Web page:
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Ohio Dems say the fracking enemies list demeaned their work, and legitimate concerns
Ohio Department of Natural Resources insist it never implemented the communication plan

Andy Chow
Bob Hagan of Youngstown is one of two state representatives named in the ODNR report as adversaries. The other is Nickie Antonio of Lakewood.
Courtesy of State of Ohio
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Two state lawmakers were listed as adversaries in a state agency’s plan to promote drilling in state parks. Statehouse correspondent Andy Chow says those lawmakers are now speaking out about that controversial proposal.

LISTEN: Dems Hagan and Antonio react to fracking list abbreviated version

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LISTEN: Dems Hagan and Antonio react to fracking list

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The Ohio Department of Natural Resources crafted a communications plan that drew clear lines between whom they considered allies and who they considered adversaries.

The state agency, led by appointees of Republican Gov. John Kasich, created that plan in 2012 to promote the controversial practice of horizontal drilling and hydraulic fracturing, also known as fracking.

Included on the list of adversaries were two Democratic representatives, Bob Hagan of Youngstown and Nickie Antonio of Lakewood. Antonio believes she’s being unfairly targeted for trying to limit fracking, including a ban in Lake Erie.

“I believe that’s the best policy for the health and safety of the people of Ohio. And so to call my intentions or my work anything less than that is certainly insulting.”

The Sierra Club of Ohio unveiled the 10-page memo with the help of liberal think tank Progress Ohio. The document warns that the state’s efforts to lease land to oil and gas companies would be met with “zealous resistance by environmental activists.”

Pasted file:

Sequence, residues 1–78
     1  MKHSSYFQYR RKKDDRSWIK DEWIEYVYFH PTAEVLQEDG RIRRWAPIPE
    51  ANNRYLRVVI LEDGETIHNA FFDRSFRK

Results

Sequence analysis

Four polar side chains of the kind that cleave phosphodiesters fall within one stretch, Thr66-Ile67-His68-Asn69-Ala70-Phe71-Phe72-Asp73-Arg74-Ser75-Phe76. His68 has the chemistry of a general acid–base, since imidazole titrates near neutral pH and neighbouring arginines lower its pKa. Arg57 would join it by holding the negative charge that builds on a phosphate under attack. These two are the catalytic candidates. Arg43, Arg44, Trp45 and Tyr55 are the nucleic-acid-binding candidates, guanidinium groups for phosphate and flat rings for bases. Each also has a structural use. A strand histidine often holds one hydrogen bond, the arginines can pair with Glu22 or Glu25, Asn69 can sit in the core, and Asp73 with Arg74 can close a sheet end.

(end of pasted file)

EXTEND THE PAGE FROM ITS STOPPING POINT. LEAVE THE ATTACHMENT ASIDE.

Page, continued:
ODNR says it never implemented the plan, but the department defends creating such a strategy and referred to the Sierra Club and Progress Ohio as “secretly funded extremist groups.”

While ODNR says the plan was never implemented, Hagan strongly disagrees, noting recent language to push various legislation.

“This political campaign to discredit critics was in full force when this bill was passed and with the MBR. Again let me emphasize—this plan was implemented.”

Hagan was asked if a similar communications plan was ever drawn up by a Democratic administration.

“I’ve never seen it. I’ve been here for 28 years—I’ve never seen an organized effort like this—I’ve never seen an effort on behalf of an entire administration directed—again—by the governor.”

The governor’s spokesperson has said it only makes sense to coordinate and plan ahead on an important issue like natural gas development.

Hagan, Antonio and Progress Ohio have all tried to compare this controversy to the bridge closure scandal that‘s plagued New Jersey Governor Chris Christie.

The two representatives are calling for legislative hearings to further investigate the issue.


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